Rubber Boa

Charina bottae
Rubber boa

Habitat 

Rubber boas can be found in southern British Columbia, eastern Washington and Oregon, California, northern Nevada, Montana, Wyoming and parts of Utah. It generally inhabits grassland, woodland, and forest habitats from sea level to 9,200 feet. These snakes can endure colder temperatures than most snakes, tolerating temperatures as low as 54 degrees Fahrenheit. There is often a nearby source of water and, due to its secretive nature, there are usually plenty of rocks, woody debris, and leaf litter to use for cover. It is believed that a rubber boa’s home range could be as small as 100 square yards if there is  adequate food, cover and hibernation sites. 

Lifestyle  

Most people never see this snake because it is most active at twilight and during the nighttime hours, preferring cooler temperatures. During the day it is often lurking beneath rotten logs and rocks. Rubber boas are capable swimmers, burrowers, and climbers but are slow moving compared to other species. When threatened, rather than biting, rubber boas curl up into a defensive ball with their tail as a decoy. Rubber boas can also ward off predators by releasing a potent musk from its anal glands. These snakes are active in early spring to late fall, mating in April or May, and hibernate underground from October to March, sometimes communally.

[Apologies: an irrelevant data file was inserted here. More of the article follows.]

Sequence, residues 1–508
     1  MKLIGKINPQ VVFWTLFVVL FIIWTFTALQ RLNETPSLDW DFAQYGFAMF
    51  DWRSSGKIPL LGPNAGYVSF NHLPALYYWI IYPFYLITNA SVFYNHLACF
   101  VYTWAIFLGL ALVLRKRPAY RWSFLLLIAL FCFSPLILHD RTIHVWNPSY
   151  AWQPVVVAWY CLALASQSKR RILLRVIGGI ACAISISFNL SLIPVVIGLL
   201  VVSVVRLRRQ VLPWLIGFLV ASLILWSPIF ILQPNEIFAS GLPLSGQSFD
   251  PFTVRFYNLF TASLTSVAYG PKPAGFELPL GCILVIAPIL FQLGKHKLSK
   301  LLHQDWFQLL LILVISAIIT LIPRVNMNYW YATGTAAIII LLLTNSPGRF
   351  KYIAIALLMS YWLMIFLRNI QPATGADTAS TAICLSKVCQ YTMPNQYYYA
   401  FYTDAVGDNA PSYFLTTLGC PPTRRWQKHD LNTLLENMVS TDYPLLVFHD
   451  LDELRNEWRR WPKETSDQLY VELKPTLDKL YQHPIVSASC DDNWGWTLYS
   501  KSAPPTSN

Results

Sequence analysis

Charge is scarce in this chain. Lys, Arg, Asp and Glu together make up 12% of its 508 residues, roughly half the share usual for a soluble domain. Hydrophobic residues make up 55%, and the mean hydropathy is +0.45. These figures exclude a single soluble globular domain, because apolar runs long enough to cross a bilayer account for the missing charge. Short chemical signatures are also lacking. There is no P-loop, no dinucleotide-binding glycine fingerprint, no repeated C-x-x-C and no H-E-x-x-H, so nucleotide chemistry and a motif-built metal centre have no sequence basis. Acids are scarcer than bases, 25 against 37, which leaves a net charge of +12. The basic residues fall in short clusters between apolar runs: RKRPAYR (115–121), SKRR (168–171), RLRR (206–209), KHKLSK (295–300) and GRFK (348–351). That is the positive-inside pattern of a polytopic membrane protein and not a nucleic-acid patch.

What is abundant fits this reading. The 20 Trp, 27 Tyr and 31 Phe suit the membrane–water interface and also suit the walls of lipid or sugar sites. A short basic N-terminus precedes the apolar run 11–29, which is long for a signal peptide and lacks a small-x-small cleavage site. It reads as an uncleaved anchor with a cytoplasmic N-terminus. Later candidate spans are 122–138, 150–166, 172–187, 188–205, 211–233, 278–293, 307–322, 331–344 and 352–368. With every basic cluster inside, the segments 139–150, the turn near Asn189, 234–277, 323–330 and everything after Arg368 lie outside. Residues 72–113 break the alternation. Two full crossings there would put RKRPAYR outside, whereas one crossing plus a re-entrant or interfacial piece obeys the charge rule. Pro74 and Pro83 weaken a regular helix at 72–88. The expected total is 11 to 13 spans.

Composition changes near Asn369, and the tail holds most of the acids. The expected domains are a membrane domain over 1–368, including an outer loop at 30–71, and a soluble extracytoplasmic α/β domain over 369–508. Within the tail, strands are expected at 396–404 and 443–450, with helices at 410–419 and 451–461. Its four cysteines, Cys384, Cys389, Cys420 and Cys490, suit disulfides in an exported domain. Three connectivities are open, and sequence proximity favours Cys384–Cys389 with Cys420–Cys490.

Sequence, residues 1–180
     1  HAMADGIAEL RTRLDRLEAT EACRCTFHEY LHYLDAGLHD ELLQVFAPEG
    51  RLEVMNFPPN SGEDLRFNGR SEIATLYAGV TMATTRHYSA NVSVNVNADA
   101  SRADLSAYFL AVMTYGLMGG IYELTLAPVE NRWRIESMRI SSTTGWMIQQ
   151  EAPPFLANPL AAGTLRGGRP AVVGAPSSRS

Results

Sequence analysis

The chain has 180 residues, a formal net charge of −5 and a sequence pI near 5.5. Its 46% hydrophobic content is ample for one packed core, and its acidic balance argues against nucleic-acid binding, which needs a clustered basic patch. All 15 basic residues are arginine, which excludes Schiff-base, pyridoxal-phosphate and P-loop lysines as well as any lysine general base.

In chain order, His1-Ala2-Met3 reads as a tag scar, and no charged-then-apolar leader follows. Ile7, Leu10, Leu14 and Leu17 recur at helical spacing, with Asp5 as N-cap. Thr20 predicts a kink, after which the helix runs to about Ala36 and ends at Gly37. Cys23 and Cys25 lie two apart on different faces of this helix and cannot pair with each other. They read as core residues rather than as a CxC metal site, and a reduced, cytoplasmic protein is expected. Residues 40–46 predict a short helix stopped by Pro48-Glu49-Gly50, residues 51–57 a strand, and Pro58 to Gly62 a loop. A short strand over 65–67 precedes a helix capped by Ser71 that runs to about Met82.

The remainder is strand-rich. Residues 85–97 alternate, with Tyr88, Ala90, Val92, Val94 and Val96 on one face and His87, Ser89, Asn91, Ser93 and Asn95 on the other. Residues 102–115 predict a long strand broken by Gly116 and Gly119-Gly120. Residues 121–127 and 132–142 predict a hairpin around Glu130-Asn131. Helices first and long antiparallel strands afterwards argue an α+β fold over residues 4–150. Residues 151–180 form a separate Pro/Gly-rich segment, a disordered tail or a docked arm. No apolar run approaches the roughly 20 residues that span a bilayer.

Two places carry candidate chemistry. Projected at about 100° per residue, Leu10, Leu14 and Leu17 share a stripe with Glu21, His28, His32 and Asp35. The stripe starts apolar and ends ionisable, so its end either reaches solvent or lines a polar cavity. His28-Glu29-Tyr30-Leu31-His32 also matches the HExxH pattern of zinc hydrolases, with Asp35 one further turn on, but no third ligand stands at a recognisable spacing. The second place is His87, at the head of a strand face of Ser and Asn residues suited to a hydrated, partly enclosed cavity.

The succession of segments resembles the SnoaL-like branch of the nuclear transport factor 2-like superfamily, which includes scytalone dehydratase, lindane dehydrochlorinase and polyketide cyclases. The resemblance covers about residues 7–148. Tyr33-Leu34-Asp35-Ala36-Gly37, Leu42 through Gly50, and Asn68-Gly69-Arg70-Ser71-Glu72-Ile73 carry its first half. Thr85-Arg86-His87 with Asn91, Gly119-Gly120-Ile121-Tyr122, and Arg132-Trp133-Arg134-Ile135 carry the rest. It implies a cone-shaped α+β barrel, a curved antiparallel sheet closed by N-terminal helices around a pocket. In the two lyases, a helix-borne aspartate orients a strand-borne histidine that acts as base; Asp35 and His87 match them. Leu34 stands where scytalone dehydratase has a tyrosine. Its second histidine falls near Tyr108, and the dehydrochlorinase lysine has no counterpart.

Food Sources  

Consuming mostly mice and shrews, it has also been known to prey on lizards, other snakes and small birds. Rubber boas suffocate their prey just like their larger constrictor cousins.  

Reproduction  

Rubber boas are ovoviviparous like most boa species, meaning the eggs are hatched inside the body. The mother gives birth to 2-6 live young between August and November, depending on the range. These hatchlings, being about 6 inches long, are relatively large and are pinkish to light brown in color. Hatchlings are independent from the start and neither parent plays a role in caring for young. However, young are thought to hibernate with the adults for the winter and disperse the following spring, reaching sexual maturity when they are about 14 inches long. 

 

Facts About Rubber Boa

Smallest members of the boa family

One of only two boa species found naturally in the U.S.

Genus name Charina derived from Greek word meaning graceful